Needles Hall, second floor, room 2201
The program information below is valid for the winter 2023 term (January 1, 2023 - April 30, 2023).
The Graduate Studies Academic Calendar is updated 3 times per year, at the start of each academic term (January 1, May 1, September 1). Graduate Studies Academic Calendars from previous terms can be found in the archives.
Students are responsible for reviewing the general information and regulations section of the Graduate Studies Academic Calendar.
- Study option(s)
- Normally a Master’s degree with a minimum 75% average in a field that is relevant to the area of aging, health and well-being (normally kinesiology, recreation and leisure studies or health studies and gerontology, but other degrees in life and social sciences could be suitable as well).
- Submit a letter indicating reasons for pursuing graduate studies and a written statement outlining research interests.
- Résumé/Curriculum vitae
- Supplementary information form
- Writing sample
- Students must submit a copy of previous academic work, such as copies of preprints, reprints, or master's thesis, or other evidence of written scholarly work.
- Number of references: 3
Type of references:
English language proficiency (ELP) (if applicable)
- Graduate Academic Integrity Module (Graduate AIM)
Students must fulfill the minimum requirements of the PhD program in the School of Public Health Sciences (SPHS) and will normally complete a minimum of 9 one‐term (0.50 unit) graduate courses beyond an Honours Bachelor degree, including at least 4 courses beyond the Master’s degree. Course requirements are as follows:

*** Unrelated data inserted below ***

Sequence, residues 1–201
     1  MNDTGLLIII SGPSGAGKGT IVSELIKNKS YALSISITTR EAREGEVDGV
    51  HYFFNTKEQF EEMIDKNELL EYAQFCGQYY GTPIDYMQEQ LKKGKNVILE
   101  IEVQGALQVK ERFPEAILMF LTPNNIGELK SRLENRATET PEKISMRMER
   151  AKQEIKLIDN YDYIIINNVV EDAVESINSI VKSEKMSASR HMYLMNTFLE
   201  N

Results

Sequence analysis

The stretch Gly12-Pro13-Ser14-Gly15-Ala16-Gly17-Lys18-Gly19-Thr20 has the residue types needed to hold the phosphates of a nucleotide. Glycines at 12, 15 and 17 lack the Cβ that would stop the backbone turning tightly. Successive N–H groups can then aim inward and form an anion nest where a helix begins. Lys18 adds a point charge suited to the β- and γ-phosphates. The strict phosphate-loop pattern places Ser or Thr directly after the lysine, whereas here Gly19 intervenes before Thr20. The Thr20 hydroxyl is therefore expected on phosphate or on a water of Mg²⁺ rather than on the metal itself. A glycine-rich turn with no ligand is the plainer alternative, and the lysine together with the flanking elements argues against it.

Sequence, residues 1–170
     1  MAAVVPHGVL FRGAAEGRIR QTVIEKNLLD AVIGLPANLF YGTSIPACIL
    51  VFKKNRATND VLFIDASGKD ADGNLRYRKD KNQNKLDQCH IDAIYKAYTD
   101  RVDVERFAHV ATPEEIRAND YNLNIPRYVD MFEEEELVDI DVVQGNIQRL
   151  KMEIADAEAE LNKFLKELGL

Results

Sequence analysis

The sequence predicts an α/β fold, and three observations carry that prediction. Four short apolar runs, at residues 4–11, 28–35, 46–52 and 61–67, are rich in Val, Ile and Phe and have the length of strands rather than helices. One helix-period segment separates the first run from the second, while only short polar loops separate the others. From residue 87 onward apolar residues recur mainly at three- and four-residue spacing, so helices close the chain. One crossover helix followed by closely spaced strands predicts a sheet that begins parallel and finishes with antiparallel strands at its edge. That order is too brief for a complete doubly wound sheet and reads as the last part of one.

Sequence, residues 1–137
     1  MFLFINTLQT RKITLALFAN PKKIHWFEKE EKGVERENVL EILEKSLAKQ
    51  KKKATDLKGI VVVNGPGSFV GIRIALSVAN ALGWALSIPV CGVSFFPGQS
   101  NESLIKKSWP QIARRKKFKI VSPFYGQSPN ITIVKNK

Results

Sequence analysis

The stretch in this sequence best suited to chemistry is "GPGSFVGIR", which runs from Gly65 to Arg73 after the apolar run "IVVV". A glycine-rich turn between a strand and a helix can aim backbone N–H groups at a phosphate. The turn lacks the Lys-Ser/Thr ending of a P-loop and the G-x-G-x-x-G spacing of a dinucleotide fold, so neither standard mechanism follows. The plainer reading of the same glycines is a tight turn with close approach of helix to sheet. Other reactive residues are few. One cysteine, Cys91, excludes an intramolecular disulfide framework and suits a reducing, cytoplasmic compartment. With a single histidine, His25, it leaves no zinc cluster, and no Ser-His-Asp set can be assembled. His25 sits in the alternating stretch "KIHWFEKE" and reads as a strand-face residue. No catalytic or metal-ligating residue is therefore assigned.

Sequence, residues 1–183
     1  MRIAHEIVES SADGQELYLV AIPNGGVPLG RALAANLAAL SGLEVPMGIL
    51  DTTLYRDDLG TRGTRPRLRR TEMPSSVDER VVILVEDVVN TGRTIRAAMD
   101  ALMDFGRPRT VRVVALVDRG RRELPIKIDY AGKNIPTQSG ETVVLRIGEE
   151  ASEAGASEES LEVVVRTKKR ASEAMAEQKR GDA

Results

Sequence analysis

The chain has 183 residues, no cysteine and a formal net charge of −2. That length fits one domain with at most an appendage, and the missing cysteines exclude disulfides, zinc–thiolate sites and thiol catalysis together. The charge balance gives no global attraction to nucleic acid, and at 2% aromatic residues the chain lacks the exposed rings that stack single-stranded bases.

1 graduate level statistics/research methods course (1 of HLTH 704, HLTH 705, HLTH 706, or HLTH 719) with assignments and major projects focused on aging
HLTH 701 Interdisciplinary Seminar in Public Health and Health Systems with assignments and major projects focused on aging
1 additional elective methods course related to aging, health, and well‐being
- At a minimum, students must obtain an average of 75% or higher in aggregate on the courses presented in fulfilment of the degree requirements. Grades on all courses presented to fulfill the degree requirements must be 70% or higher. A grade below 70% in any course or failing to maintain an average of 75% will necessitate a review of the student's status by the School and may result in a student being required to complete additional coursework or being required to withdraw from the program. The School reserves the right to stipulate additional coursework if it is necessary for the student's preparation.
- Link(s) to courses
- Collaborative Research Seminar in Aging
- This seminar is a forum for student presentations about results of, or proposals for research. Invited speakers will also present results of research from time to time. Attendance at the seminar is required for two terms (i.e., during the candidates' first two years in the program). The range of topics that will be addressed in the seminar crosses all areas of investigation in the collaborative program. Grading will be on a credit/no credit basis.
- PhD Comprehensive Examination